Metabolome profiling of various seaweed species discriminates between brown, red, and green algae

Shahlizah Sahul Hamid, Masataka Wakayama, Kensuke Ichihara, Katsutoshi Sakurai, Yujin Ashino, Rie Kadowaki, Tomoyoshi Soga, Masaru Tomita

Research output: Contribution to journalArticlepeer-review

37 Citations (Scopus)


Main Conclusion: Among seaweed groups, brown algae had characteristically high concentrations of mannitol, and green algae were characterised by fructose. In red algae, metabolite profiles of individual species should be evaluated. Seaweeds are metabolically different from terrestrial plants. However, general metabolite profiles of the three major seaweed groups, the brown, red, and green algae, and the effect of various extraction methods on metabolite profiling results have not been comprehensively explored. In this study, we evaluated the water-soluble metabolites in four brown, five red, and two green algae species collected from two sites in northern Japan, located in the Sea of Japan and the Pacific Ocean. Freeze-dried seaweed samples were processed by methanol–water extraction with or without chloroform and analysed by capillary electrophoresis- and liquid chromatography-mass spectrometry for metabolite characterisation. The metabolite concentration profiles showed distinctive characteristic depends on species and taxonomic groups, whereas the extraction methods did not have a significant effect. Taxonomic differences between the various seaweed metabolite profiles were well defined using only sugar metabolites but no other major compound types. Mannitol was the main sugar metabolites in brown algae, whereas fructose, sucrose, and glucose were found at high concentrations in green algae. In red algae, individual species had some characteristic metabolites, such as sorbitol in Pyropia pseudolinearis and panose in Dasya sessilis. The metabolite profiles generated in this study will be a resource and provide guidance for nutraceutical research studies because the information about metabolites in seaweeds is still very limited compared to that of terrestrial plants.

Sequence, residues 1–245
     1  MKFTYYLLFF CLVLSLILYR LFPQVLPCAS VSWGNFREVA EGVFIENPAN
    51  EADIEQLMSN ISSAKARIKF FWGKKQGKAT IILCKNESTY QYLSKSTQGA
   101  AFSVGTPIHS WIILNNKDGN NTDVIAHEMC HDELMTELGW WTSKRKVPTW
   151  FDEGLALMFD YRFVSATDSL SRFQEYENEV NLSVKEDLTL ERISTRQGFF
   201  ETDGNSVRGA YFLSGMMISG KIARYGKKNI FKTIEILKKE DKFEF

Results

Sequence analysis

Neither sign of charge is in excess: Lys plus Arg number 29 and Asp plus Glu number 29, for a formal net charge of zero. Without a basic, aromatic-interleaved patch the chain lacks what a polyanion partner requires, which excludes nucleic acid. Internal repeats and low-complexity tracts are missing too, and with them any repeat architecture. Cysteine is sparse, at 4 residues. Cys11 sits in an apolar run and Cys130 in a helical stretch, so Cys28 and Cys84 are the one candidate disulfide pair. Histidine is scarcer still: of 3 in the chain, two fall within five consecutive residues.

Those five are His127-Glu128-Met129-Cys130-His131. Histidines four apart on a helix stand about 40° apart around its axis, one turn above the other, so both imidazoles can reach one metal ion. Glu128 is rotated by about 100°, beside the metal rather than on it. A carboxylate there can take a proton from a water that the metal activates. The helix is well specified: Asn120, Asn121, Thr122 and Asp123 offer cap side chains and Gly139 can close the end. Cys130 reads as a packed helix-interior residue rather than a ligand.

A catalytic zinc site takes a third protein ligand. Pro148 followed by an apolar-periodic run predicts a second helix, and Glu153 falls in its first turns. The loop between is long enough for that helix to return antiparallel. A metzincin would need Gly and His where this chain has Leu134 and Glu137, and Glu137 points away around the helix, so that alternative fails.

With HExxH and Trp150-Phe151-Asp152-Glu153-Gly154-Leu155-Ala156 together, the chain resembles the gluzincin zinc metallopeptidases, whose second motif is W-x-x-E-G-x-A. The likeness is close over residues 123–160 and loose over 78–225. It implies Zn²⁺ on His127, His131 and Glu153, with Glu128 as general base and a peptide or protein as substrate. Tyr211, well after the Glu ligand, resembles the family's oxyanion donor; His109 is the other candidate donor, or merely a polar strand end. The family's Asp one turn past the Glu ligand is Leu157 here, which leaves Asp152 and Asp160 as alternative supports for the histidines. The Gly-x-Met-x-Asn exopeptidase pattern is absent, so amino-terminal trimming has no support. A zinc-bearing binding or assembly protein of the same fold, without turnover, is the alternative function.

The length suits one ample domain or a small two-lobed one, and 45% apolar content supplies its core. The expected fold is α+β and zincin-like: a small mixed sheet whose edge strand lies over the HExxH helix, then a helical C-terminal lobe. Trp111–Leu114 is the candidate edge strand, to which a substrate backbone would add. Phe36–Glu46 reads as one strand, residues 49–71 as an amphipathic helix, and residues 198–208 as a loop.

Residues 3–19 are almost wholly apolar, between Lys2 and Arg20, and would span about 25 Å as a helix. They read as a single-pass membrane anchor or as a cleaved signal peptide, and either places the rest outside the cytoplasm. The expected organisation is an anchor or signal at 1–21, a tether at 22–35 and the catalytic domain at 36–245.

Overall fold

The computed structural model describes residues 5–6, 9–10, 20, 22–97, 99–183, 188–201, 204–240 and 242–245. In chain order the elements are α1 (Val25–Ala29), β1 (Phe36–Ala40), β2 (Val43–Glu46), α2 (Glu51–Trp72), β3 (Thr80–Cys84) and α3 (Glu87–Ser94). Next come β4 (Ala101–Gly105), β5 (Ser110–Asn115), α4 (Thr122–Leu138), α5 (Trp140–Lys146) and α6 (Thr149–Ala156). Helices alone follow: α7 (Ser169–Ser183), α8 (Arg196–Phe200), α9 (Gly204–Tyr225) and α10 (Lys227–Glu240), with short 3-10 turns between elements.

Original languageEnglish
Publication statusPublished - 2019 Jan 1


  • Brown algae
  • Extraction methods
  • Green algae
  • Metabolites
  • Red algae

ASJC Scopus subject areas

  • Genetics
  • Plant Science


Dive into the research topics of 'Metabolome profiling of various seaweed species discriminates between brown, red, and green algae'. Together they form a unique fingerprint.

Cite this